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Monday, April 07, 2014

Inaugural Women 2 Women Conference with Maya Angelou

Maya Angelou 3

 “As soon as you get, give. When you learn, give.” - Dr. Angelou

by Brandi Jones, Kennesaw State University 2012
Photos courtesy of Jerome Dorn 

On Saturday, March 1, 2014, Maya Angelou graced Atlanta, GA, serving as the keynote speaker at the Inaugural Women 2 Women Conference held at the Atlanta Marriot Marquis. Dr. Angelou also serves on the Honorary Board of Advisors for The National Society of High School Scholars. As the Scholarship Assistant for this international honors organization, I was privileged to be one in an audience over 600 strong, a gathering of women of all races and all ages. As the conference’s founder, Sonjia Young, explained, the event was created to relay life experiences and invaluable knowledge about maneuvering through the various facets of business, education, and family life as women.

Sonjia Waller Young prefaced her highly successful event by stressing the critical need to give back, to reach back and uplift younger generations through mentorship. Now a renowned entrepreneur, Sonjia established one of the first female minority-owned businesses in 1982 by founding her conference and event planning company, Eventions, Incorporated. Sonjia is married to dentist and community leader Dr. Walter Young, who with his brother Andrew Young, the former United States Ambassador to the United Nations and Mayor of Atlanta, established the Andrew and Walter Young Family YMCA. Walter and Sonjia have four children, and as she explained, it is the continual mentorship of her own children that encouraged her to create a platform for “intergenerational life lessons and legacies.” Sonjia’s 30+ year friendship with Dr. Angelou has helped fueled her vision and inspiration to organize the first Women 2 Women Conference.

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In her rousing keynote remarks, Dr. Angelou advocated for the ceaseless nurturing of the mentor-mentee relationship. She explained, “As soon as you get, give. When you learn, give.” Dr. Angelou believes one’s mentality should be, “I’ve learned this already, let me tell you what I know.”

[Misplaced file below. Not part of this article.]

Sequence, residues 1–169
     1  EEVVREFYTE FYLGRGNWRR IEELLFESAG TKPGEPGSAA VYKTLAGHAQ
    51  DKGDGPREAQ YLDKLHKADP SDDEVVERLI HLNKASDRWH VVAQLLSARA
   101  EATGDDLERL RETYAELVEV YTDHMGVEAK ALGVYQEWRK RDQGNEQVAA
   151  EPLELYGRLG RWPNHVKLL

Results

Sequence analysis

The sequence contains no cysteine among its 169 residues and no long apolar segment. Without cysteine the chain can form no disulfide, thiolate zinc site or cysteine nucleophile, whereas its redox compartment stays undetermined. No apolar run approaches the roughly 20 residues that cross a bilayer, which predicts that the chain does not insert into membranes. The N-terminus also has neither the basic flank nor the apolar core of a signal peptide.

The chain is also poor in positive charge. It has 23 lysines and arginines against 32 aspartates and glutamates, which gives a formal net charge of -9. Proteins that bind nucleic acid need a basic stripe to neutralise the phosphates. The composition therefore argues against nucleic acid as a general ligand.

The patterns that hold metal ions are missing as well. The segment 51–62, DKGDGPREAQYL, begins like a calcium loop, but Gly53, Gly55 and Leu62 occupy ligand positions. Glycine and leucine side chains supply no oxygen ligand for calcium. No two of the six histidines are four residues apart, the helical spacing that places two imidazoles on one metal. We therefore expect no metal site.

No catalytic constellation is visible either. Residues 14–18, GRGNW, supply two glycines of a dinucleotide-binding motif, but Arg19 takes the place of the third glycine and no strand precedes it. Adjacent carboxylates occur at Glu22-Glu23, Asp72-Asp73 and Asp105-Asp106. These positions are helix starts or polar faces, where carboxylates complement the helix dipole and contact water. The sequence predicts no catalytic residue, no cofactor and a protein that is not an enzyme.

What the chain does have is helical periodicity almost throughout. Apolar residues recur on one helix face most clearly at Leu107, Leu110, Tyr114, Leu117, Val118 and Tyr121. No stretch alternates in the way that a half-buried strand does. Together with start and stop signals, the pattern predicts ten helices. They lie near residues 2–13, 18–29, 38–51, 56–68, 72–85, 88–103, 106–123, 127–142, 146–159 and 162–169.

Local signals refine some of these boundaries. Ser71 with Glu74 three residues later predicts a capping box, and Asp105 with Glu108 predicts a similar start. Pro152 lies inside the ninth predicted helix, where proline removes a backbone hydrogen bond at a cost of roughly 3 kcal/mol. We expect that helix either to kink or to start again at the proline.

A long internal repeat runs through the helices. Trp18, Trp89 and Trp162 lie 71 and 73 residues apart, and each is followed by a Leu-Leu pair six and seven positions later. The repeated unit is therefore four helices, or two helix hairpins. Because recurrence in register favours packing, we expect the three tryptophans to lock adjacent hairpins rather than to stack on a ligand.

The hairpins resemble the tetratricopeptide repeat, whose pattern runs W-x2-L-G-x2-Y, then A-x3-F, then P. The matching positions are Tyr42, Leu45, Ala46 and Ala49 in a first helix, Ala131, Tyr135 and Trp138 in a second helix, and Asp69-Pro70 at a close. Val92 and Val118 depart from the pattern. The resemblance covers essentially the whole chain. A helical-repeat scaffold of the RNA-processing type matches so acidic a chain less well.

Panels prior to Dr. Angelou’s highly-anticipated entrance included sessions entitled “Protecting Your Most Important Assets: Healthy Body + Healthy Mind = Healthy Life,” “Balancing Life Choices: Managing Family, Finances, Career & Community,” and “Networking & Relationship Building: Key Steps to Take You to the Top.” As Dr. Pamela Thompson described, the panelists provided “sacred stories of women” that pertained to balancing one’s physical and emotional health, business, and family, a feat that often resembles a circus act.

As Facebook CEO Sheryl Sandberg reminds us in her highly-acclaimed book Lean In, “For many men, the fundamental assumption is that they can have both a successful professional life and a fulfilling personal life. For many women, the assumption is that trying to do both is difficult at best and impossible at worst. Women are surrounded by headlines and stories warning them that they cannot be committed to both their families and careers. They are told over and over again that they have to choose, because if they try to do too much, they’ll be harried and unhappy. Framing the issue as ‘work-life balance’ –as if the two were diametrically opposed –practically ensures work will lose out. Who would ever choose work over life?” Sonjia Young, the panelists, Dr. Maya Angelou, and Sheryl Sandberg all share the common belief that balance can be practiced and eventually attained. After achieving balance, perhaps it is even more imperative that the knowledge which equips one to do so is relayed to the younger generation, so that they will blossom into mentors themselves.



Sandberg, Sheryl. Lean In: Women, Work, and the Will to Lead. New York: Alfred A. Knopf, 2013, p. 23.